For Morton, craft are a means for us to enter into a reality free from the dominating tractor beams of power. This reality is not a different reality from our own, because reality has “no ‘other’ side”—rather, it is the beach beneath the street, what has always been there, only paved over. This reality Morton refers to as hyperspace, “hyper no longer in the sense of beyond, but in the sense of concentrated or condensed,” spacetime as a feel, “space-feel,” not an empty, orderly Cartesian grid, but saturated and thick, or in Morton’s words, “creamy,” “damp,” “luminous,” and “glistening.” Hyperspace does not take us outside of space, outside of reality, but rather is the experience of space as envelopment, of time as temporality, of reality as “the very possibility of moving at all, anywhere.” Hyperspace is not some “sublime infinity” but a “gigantically beautiful entity” (a hyperobject) with which we enter into relation by way of spacecraft, a “middle” that can be accessed “from anywhere in the story.”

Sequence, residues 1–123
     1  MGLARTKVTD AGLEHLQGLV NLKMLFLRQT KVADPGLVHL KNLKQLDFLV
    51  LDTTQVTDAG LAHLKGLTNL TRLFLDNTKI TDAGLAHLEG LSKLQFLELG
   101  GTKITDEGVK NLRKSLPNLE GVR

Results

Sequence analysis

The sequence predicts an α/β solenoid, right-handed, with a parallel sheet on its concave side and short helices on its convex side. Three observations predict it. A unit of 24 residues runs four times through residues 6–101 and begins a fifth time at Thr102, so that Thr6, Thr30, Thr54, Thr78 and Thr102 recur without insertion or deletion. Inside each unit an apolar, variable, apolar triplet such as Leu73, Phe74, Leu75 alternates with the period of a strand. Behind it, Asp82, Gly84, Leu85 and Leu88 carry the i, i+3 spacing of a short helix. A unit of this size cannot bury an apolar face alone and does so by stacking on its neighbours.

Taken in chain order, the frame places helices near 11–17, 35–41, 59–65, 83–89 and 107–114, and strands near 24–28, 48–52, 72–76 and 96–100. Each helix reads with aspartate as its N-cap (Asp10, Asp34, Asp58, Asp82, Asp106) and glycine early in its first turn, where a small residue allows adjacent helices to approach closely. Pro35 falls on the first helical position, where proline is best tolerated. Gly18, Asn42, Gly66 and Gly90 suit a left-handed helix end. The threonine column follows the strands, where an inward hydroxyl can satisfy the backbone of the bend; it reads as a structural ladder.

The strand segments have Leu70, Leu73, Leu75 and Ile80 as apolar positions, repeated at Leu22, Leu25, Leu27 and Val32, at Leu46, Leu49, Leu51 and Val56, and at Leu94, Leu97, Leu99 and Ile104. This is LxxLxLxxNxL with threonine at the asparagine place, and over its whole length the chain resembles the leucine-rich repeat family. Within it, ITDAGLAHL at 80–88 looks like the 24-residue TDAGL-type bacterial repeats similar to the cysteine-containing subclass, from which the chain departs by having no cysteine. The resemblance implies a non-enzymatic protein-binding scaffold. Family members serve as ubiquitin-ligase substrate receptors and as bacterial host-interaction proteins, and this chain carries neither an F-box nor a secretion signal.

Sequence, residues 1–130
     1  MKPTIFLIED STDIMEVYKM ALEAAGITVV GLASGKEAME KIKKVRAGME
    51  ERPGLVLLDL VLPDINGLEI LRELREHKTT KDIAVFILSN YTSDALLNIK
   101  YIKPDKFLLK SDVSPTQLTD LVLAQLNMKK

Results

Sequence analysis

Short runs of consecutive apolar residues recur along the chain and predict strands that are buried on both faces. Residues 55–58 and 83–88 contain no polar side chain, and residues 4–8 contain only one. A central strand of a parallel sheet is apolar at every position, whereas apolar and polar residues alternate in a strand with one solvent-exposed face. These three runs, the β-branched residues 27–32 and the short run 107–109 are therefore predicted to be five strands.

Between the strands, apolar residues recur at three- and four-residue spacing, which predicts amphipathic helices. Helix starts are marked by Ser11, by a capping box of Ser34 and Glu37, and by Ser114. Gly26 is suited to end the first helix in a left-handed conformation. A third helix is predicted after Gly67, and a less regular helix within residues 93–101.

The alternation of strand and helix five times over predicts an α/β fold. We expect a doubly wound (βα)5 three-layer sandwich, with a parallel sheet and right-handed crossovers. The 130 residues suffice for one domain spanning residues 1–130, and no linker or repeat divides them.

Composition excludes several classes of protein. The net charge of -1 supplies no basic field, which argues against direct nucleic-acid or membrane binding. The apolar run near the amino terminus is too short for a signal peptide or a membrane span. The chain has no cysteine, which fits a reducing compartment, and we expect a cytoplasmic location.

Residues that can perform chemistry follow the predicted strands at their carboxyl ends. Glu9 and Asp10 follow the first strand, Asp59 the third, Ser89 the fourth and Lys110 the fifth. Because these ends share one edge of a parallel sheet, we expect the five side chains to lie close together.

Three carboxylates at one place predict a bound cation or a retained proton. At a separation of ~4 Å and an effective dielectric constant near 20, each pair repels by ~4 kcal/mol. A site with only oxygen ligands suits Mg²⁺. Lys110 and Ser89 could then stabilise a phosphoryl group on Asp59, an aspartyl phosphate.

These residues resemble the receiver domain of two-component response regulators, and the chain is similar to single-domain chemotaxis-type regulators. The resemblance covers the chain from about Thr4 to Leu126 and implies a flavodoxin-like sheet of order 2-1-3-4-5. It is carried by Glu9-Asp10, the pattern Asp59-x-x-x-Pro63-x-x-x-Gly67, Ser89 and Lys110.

The possibility that anywhere, anyone can enter hyperspace is the radical political potential of spacecraft, a potential that Morton finds especially potent in the Star Wars iteration of faster-than-light travel. You do not need a crew of military personnel or special powers to enter hyperspace: you “just need to know how to flip some controls.” There are no guarantees that it will work—spacecraft are fundamentally contingent entities—but the possibility is always open and available to anyone who reaches for the instrument panel. The Millennium Falcon is a “wonderfully inconsistent being,” a “rickety but comfy freighter,” a vessel you can “tinker with” or “craft.” The pilots of the Falcon are crafty “artisans,” playing it like an instrument, like a game, and insofar as passengers of the Falcon “can hop on and off” at will, we the “audience-chorus” are invited to tinker, to craft, to play, becoming collaborators or conspirators with those who were already there and those who are yet to come, learning that the Falcon is not only a means for getting from one planet to another, but a means for “improvising a revolution.”